· 2 min read · Features

HRD's pocket guide to... sales

Published:

This pocket guide explains everything you need to know about sales

Why do I need to know about it?

Sales, as the saying goes, is the lifeblood of the business. So it stands to reason HR should be highly knowledgeable about what goes on in those mysterious, raucous parts of the office.

“During my time as Fairtrade Foundation’s HR director I worked closely with the commercial director to develop sales training. This was critical to establishing strong sales professionals, supporting career development and ultimately growing our income,”says Martyn Dicker, director of people and learning at The Prince’s Trust, of the vital role HR can play in boosting business growth through effective sales support.

Dicker also points out the value that being commercially switched on can bring back to HR: “I, like a number of HR practitioners, enjoyed a period working in recruitment. I have no doubt that this commercial business experience was incredibly useful. It teaches you about setting financial targets, negotiating, setting fees, business development, stakeholder management and networking. You also learn that you are only as good as your last month’s income.”

“My experience is that HR is often not well versed enough in sales,” he caveats, however. “This is partly because HR professionals could benefit from more experience in operations more broadly.”

What do I need to know?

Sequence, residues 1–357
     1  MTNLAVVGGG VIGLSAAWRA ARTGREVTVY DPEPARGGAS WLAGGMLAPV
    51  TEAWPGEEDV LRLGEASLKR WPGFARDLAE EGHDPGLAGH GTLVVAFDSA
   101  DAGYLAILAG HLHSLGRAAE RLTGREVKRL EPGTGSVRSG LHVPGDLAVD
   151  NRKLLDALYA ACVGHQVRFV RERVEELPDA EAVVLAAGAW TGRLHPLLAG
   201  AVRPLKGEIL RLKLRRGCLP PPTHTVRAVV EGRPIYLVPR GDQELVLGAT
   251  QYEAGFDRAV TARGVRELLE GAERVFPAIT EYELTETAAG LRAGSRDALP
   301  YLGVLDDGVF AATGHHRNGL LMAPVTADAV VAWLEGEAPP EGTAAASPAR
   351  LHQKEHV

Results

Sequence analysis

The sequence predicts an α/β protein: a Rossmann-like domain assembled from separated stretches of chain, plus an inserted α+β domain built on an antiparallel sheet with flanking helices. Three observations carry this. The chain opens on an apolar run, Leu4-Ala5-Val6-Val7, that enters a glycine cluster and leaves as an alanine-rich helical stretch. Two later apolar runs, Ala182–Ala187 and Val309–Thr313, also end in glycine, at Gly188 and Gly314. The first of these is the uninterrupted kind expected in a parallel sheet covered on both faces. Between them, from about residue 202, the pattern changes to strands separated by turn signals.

While ‘sales’ may bring to mind bolshie types with headsets – or unnervingly suave suits and perfect hair – it’s generally agreed that the days of ‘hard sales’ are mostly over. (And that this was never the best approach for most anyway.) “The focus of sales activities should be understanding what the person

you are communicating with needs to be more successful and helping them to get it,” says Jonathan Bouchier of performance improvement consultants and trainers FranklinCovey.

Author of Sales for Non-Salespeople Robert Ashton advises sticking to three straightforward but vital rules: “One: listen more than you talk. You need to understand each customer’s specific needs. Two: talk benefits, not features. People buy what will benefit them so you need to tell them. And three: ask for the order. Too many people talk around commitment. Ask for it outright and often.”

Where can HR add value?

Regarding training, Bouchier advises that while “new technologies are bringing a wealth of new opportunities to engage and develop salespeople, the best method is still a hybrid of immersive, skills-based classroom-based training and practical application, and online and multimedia support.” He adds that: “Having a framework and structure to ensure the right amount and kind of practice occurs post-training is critical.”

CIPD adviser for performance and reward Charles Cotton urges businesses to approach the balance between bonuses and basic pay carefully: “HR should collaborate with sales and marketing managers to ensure that sales incentives are aligned to business requirements as well as employee needs. For instance, ensuring sales are not made at the expense of customer service or regulatory requirements, or the balance between rewarding and recognising individual, team and organisational performance.”

Anything else?

Sales skills are highly valuable to the wider workforce, even if you don’t work in sales, or indeed HR, points out Dicker. “Skills such as pitching, understanding communication styles, listening and questioning, objection handling and network mapping are incredibly useful in other disciplines, so sharing this knowledge is important,” he says.

“Selling skills will help anyone get on in life, from recruiting sponsors for events to persuading the canteen to cater for a short notice meeting,” agrees Ashton.